Aviation History- Wingless Aircraft
Current Events of Yesteryear
The Horton Wingless Airplane
The Horton Wingless aircraft was invented by William Horton of Huntington Beach, California in 1952. He called the strange-looking plane “wingless” because he claimed the entire craft was a simple air foil with vertical fins and utilized all surfaces for lift. Unfortunately, Horton did not have the money to develop it, but was able to get into a partnership with billionaire Howard Hughes and Harlow Curtis.
The plane was test-flown but not more than 1000 feet down the runway. The venture failed not because the airplane didn't fly, but because Hughes wanted to take full credit for the patents and production rights, which Horton refused to allow. Hughes sued Horton which effectively stopped any further development of the aircraft.
Hughes managed to have the prototype and partially-constructed production version destroyed. One aspect of the law suit was a statement that the aircraft could not fly, which witnesses, photographs and video obviously show not to be true. At one point, Horton served jail time for selling stock in a company for an airplane that "couldn't fly" and had several violent confrontations with people associated with Hughes and Curtis because of the law suit and resulting injunctions." More here...
"New Kind of Bird"
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NASA - The M2-F1: 'Look Ma! No Wings!'
"The conclusion of the space shuttle program brought to a close an era that opened in the high desert of Southern California almost a half century earlier when the first of a series of low lift-over-drag wingless lifting bodies made its first free flight.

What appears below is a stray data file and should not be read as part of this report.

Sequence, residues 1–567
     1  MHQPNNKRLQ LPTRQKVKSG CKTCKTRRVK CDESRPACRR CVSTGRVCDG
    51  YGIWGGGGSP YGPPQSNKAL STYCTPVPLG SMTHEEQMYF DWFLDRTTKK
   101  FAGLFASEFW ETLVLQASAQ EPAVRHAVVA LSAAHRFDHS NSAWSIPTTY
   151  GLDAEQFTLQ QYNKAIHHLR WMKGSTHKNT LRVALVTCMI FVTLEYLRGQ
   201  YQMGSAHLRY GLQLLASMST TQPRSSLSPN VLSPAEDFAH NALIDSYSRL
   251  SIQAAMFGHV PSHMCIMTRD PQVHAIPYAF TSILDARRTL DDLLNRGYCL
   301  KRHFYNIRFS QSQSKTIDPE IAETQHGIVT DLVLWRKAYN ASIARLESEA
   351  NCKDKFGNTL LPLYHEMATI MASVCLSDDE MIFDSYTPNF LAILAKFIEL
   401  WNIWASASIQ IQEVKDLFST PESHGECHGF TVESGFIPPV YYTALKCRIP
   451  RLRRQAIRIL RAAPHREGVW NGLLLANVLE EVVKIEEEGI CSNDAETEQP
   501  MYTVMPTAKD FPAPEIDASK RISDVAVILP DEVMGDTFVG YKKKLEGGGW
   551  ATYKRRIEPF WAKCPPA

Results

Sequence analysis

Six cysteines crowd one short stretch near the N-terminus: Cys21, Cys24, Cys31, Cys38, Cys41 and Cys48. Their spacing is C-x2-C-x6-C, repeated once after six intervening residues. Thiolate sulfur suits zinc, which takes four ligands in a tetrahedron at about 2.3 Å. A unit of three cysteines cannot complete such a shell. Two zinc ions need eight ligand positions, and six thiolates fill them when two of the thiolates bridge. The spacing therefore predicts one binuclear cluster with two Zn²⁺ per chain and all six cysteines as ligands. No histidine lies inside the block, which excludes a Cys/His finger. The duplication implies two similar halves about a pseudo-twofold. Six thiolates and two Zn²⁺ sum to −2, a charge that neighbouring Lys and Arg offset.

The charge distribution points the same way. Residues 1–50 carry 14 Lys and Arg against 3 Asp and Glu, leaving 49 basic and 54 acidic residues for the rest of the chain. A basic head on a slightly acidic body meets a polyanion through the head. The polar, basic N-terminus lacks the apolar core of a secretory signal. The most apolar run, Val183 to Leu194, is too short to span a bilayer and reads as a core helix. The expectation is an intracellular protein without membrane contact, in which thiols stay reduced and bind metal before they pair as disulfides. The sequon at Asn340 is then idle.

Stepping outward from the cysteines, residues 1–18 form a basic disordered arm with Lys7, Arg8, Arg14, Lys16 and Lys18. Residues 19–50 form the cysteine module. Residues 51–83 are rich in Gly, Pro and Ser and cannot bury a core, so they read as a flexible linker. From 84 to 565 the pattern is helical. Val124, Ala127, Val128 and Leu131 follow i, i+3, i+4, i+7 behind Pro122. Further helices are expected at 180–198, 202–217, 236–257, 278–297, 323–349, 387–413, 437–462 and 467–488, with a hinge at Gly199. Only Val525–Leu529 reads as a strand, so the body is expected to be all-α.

The vehicle that began the era – the M2-F1 – was an unlikely forerunner to the shuttle. The world's first manned lifting body, the M2-F1 was made of wood, had an internal framework of steel tubes, looked like a bathtub sitting on a tricycle, and had no wings.
Conceived by NASA engineers at the Ames Research Center near San Jose, Calif., the lifting body was intended as an alternative to a capsule spacecraft, which returned to Earth dangling under a parachute. A lifting body was not a conventional winged aircraft but rather used air flowing over its fuselage to generate lift. This design allowed it to re-enter the atmosphere and land on a runway like a conventional airplane.
The idea of an aircraft without wings met with skepticism among engineers. R. Dale Reed of the NASA Flight Research Center – now the Dryden Flight Research Center – was the exception. Reed was excited about the concept and began testing a series of small balsa wood and tissue-paper lifting bodies, which he flew down the hallways of the center's main office building and off its roof." Read more here...
Defining the Future (2-11-2013)